Finally, the severe weather season opens for the 2005 season. The only decision that needed to be made today was whether to hang around home for the local chase and play the possibilities of hail and wind damage or travel further north and make a whole day of things and play the higher tornado potential. After consulting with Brian Stertz and getting his take on the day’s setup at about 11:00a.m., my decision was made to make the trip up to Central Illinois and work with the better setup. By 11:30a.m. my son Ryan and I were on the road.
This trip, we knew would be pretty reliant upon our scanner and our radar updates through the sprint cell phone as our primary information source along with our visuals. Brian also agreed to serve as our extra set of eyes during his breaks at work. We chose Springfield, Illinois as our target zone to wait for initiation. As we drove up I-55 toward the target, I made use of the rest areas along the way to get radar updates. That is where we found out about the tornado watch that had been issued with the southern edge just north of Springfield. With that in mind, I readjusted the target zone a little further north. With the scanner info, we were hearing of two areas of severe storms to the west of us with the northern one looking better visually. I stopped for gas with the northern most storm just to the west of us 20 miles or so around 2:00p.m. Brian was scheduled for another break about this time and right on schedule, Brian calls as I left the gas station. He agreed that the storm we were seeing visually was also the best looking on radar as well. Now the chase was on.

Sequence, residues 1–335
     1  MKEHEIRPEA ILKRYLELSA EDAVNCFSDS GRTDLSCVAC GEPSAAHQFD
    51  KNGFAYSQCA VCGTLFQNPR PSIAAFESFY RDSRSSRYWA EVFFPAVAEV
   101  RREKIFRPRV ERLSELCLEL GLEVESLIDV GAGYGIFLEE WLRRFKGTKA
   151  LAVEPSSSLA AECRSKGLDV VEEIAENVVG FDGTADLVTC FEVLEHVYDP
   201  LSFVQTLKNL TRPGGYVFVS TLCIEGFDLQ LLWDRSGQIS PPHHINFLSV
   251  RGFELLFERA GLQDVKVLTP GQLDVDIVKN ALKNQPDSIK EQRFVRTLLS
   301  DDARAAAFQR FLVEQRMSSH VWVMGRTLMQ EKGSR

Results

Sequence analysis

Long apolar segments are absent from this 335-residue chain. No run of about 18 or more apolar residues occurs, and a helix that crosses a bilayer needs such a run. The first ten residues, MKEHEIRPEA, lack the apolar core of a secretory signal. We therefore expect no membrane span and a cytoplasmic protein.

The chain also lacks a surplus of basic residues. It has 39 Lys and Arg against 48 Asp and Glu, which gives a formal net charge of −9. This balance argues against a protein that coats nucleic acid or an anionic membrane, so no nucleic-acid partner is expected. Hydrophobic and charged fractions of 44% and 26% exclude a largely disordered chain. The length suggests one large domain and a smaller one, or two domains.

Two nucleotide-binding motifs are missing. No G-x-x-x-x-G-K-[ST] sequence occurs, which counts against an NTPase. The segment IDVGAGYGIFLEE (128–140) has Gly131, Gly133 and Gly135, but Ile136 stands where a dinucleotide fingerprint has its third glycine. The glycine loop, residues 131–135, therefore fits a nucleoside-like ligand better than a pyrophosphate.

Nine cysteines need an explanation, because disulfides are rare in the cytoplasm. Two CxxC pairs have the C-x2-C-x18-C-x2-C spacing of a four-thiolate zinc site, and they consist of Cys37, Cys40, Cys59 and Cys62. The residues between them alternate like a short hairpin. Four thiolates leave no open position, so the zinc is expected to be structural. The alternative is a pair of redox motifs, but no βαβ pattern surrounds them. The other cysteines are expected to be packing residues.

We plotted the storm out for an interception just to the west of Peoria. We caught the storm in Pekin, Illinois, just west of Peoria. We drove through hail up to quarter size and saw the hail nearly covering the road in one spot.
At that time is when the severe storm warning turned to tornado warning as we were right there looking at the storm. There were scud clouds flying all around and pieces from cloud level to just above ground level. I expected a well organized wall cloud somewhere, but that was not to be seen. If any structure at all, I would have called it very ragged.
We did the southern loop around Peoria which took us away from the storm again, but did manage to keep visual tabs on the storm even from the distance we were. Once past the city, we busted north again and with the help of the DeLorme map, managed to use the north and east Illinois back roads to perfection. We watched as this storm went through stages that looked like it may spin something up, but as it appeared to Ryan and I, that might have been just wishful thinking. Lots of flying scud, but no true organization.
Just before reaching I-39, we looked backed at the storm over our shoulder, “Is that a tornado?” Slamming the brakes and getting out of the car, with camera and camcorder going, we could not make any decision. Was that a wall cloud, funnel or tornado behind the black scud cloud crossing in front of it, or was it just more visual tricks through the scud, lighting and haze. This was as close to a tornado as we saw this day.
There was a report of a tornado touchdown near Metamora, Illinois, but we did know if this is what was reported since we were in the area, or someone called in something else.These storms continued flying at 65mph northeast, faster than I was willing to follow them. We headed back south after hearing from Brian and Nick Pavlovits that new convection was firing in Madison County, Illinois. We played tag with several of the severe storms on the way back. Most were just hailers.
We ended up in Vandalia, Illinois where we learned the earlier Madison County storms had lined out and were ready to come through. We watched from under cover as Ryan and I ate our fast food dinner and enjoyed the light show.
It was a fun trip. No true tornadoes, but several hail events. Thanks again to Brian Stertz and Nick Pavlovits for their timely information.